Sunday, June 25, 2017

NEW HOPE?

March 22, 2015 by Las Vegas Black Image Magazine  
Filed under Feature

At the Cleveland Clinic Lou Ruvo Center for Brain Health, a clinical trial will test a drug that researchers hope will bring relief to those at risk for Alzheimer’s disease.

Larry Ruvo is spearheading the development of the Cleveland Clinic Lou Ruvo Center for Brain Health in Nevada.

Cleveland Clinic Lou Ruvo Center for Brain Health is recruiting participants for a new clinical trial. The A4 trial is free to participate in, and is investigating whether treating older individuals with the investigational drug, solanezumab, can delay memory decline in those who may be at risk to develop Alzheimer’s disease (AD).

A4, which stands for Anti-Amyloid Treatment in Asymptomatic Alzheimer’s study, also aims to learn more about brain markers and other tests to better predict who will experience memory decline and progress toward Alzheimer’s-related dementia.

The three-and-a-half year study will test an experimental anti-amyloid antibody medication called solanezumab in people who may be in an asymptomatic stage of Alzheimer’s disease — having evidence of elevated amyloid buildup in their brain, but normal thinking and memory function. PET amyloid imaging scans will be used to determine whether potential participants have evidence of elevated amyloid buildup. The overall goal of the A4 study is to determine whether decreasing amyloid in the brain with antibody treatment can help slow the memory loss associated with amyloid buildup in some people.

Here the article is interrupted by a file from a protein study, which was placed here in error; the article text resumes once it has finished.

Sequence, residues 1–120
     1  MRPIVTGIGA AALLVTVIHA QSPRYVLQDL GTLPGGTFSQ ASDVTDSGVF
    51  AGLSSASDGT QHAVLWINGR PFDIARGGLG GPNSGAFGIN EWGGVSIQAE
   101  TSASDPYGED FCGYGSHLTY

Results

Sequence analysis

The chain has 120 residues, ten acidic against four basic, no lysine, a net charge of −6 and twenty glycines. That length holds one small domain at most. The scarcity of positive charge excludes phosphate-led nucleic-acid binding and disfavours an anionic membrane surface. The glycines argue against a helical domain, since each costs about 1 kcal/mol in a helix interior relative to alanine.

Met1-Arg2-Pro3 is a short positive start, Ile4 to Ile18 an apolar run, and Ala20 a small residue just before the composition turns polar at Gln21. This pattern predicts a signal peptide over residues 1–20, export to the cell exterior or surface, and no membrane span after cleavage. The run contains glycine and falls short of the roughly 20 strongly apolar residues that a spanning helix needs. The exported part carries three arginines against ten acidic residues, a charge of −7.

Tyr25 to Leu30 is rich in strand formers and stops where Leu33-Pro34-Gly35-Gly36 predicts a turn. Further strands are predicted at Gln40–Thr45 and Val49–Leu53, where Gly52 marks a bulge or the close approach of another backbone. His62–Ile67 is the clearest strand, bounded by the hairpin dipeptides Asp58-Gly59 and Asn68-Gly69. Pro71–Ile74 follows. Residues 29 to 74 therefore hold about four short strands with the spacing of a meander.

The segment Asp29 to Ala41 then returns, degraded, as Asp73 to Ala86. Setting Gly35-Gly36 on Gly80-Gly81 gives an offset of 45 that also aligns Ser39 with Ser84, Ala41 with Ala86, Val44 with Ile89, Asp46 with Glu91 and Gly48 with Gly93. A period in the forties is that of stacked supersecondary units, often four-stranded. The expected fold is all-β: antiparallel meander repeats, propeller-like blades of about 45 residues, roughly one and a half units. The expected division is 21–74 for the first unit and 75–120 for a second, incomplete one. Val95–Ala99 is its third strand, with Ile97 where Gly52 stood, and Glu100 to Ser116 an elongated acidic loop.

“If the drug proves effective, it would be a paradigm shift in the way we think about Alzheimer’s. That’s what makes this study so exciting,” says Charles Bernick, M.D., Associate Medical Director of Lou Ruvo Center for Brain Health. “People with risk factors would be tested and, if they had amyloid deposits, they could be treated before developing symptoms.”

A4 is just one of the Alzheimer’s disease prevention trials currently seeking recruitment at the center. Researchers are also recruiting participants for an AD clinical prevention trial called TOMORROW, that is designed to test the effectiveness of using a currently-approved diabetes drug to prevent the development of Alzheimer’s Disease in people who are predisposed to develop the condition. The study will also look at whether a new genetic biomarker, TOMM40, is an additional indication of a patient’s elevated risk of developing the disease.

For more information, including how to participate in the A4 and TOMORROW Alzheimer’s disease clinical prevention trials, call (855) LOU-RUVO, visit www.clevelandclinic.org/brainhealth or email brainhealth@ccf.org.

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